We know by now the time-honored tradition and pattern of Pokémon game releases and remakes, they tend to follow a very similar schedule. Just about every other new generation we get a remake of one of the older titles, With Generation 4 bringing Heart Gold and Soul Silver, Generation 6 bringing Omega Ruby and Alpha Sapphire, and now Generation 8 bringing us Brilliant Diamond and Shining Pearl. What separates these titles? Remakes tend to slap on a few new features and repackage the source material in a shiny new resolution for newer devices, not fixing anything that wasn’t broken. The question is, is it a sustainable practice when there is content cut from older titles? Brilliant Diamond and Shining Pearl are an incredibly faithful remake of Pokémon Diamond and Pearl, but shy away from many improvements and additional content added in Platinum, in lieu of a few new areas and some new battles.
I can say for certain that I’ve never hated playing a Pokémon game, as I’ve played essentially all of them. Generation 4 has some particularly fond memories for me, as a good chunk of my late childhood was spent playing Diamond, Pearl and Platinum. Pokémon Platinum was even my very first import title, I saved up and imported a Japanese copy to play it early. These were games that had a ton of setup, with many new Pokémon appearing in older games like Bonsly and Munchlax in XD: Gale of Darkness and Lucario being mentioned in the Mystery Dungeon titles. That kind of buildup led to a magical experience that any kid would lose their minds over, all these hints and teasers led to another grand adventure in a new region that had next to no information revealed about it. Of course, this can be viewed as being marred by nostalgia-goggles, but there is certainly something lost with these games. There was a clear effort to make this as faithful a remake as possible, from the trainers to the areas and even the incorporation of the Pokétch. The downside of this is that it’s a faithful remake of Diamond and Pearl, without the quality of life or thematic changes of Platinum. Things that were changed to be much better in Platinum, especially visible with the Gym puzzles, were reverted back to their Diamond and Pearl version. This, again, also comes with the lack of a Battle Frontier- but unfortunately it is to be expected by now.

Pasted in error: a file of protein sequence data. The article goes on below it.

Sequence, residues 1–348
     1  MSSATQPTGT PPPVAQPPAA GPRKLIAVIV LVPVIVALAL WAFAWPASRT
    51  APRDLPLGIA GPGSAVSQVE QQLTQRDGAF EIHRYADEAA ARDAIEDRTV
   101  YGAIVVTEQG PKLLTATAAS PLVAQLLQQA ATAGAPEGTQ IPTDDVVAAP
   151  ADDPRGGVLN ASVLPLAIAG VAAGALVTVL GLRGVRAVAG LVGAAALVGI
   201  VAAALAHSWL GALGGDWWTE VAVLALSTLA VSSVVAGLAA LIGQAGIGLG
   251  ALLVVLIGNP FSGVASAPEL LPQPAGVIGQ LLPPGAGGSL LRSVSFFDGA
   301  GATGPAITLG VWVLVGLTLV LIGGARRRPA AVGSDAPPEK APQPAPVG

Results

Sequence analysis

While there are some saddening bits of cut content and downgrades from Platinum, this doesn’t mean Brilliant Diamond and Shining Pearl don’t have parts that glisten as well. For starters, walking with your Pokémon is finally back. Once you visit Amity Square, you’re given the option to have a partner Pokémon out at all times, and this was one of the most requested features. Aside from that, there are sweeping changes to the Ball Capsule system and Contest system that make them much more interactive and fun side features to spend time on. Arguably the largest change was made to the Underground, having it be much larger and contain small pocket environments that have wild Pokémon to encounter as well. The Underground feels like a constant source of evolving entertainment, as when you progress through the game the Pokémon you find change and level up as well. There’s also a slight bit of new post-game content with Ramanas Park replacing Pal Park, where you can catch legendary Pokémon from older games.
There’s a lot of discourse on games like this, with many disliking the practice of releasing watered-down remakes and others praising the opportunity to revisit older games in a new light. It truthfully depends on what you want to experience from a Pokémon game. If you can’t live without the features improved upon in Platinum, then you’re better off not playing these and going back to play Platinum again. Brilliant Diamond and Shining Pearl are not only faithful remakes, they present an opportunity to revisit Sinnoh without being marred by the abysmal pacing of the older iterations. Evidenced by the attention to detail they made in creating rematch teams and maintaining the difficulty spike of the Elite Four, there was an appreciation for the original titles present when making these games. While yes, there are some glitches primarily involving movement, they aren’t substantial enough to fully hamper any experience. Brilliant Diamond and Shining Pearl are a cool look back into the Sinnoh region, and decent preparation while waiting for Pokémon Legends: Arceus.
Score: 7 out of 10
Reviewed on Nintendo Switch